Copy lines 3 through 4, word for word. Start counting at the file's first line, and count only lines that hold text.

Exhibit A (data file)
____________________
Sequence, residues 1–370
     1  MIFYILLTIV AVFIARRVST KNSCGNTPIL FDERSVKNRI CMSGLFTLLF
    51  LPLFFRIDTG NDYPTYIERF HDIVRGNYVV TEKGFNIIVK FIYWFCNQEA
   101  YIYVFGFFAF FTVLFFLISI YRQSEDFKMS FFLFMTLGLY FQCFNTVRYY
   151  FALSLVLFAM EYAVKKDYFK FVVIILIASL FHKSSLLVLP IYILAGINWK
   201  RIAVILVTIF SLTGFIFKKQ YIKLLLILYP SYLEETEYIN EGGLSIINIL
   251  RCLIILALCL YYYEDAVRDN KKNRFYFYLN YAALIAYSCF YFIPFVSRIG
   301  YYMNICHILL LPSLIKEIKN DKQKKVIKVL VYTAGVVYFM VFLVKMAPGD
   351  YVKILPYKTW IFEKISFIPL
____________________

    51  LPLFFRIDTG NDYPTYIERF HDIVRGNYVV TEKGFNIIVK FIYWFCNQEA
   101  YIYVFGFFAF FTVLFFLISI YRQSEDFKMS FFLFMTLGLY FQCFNTVRYY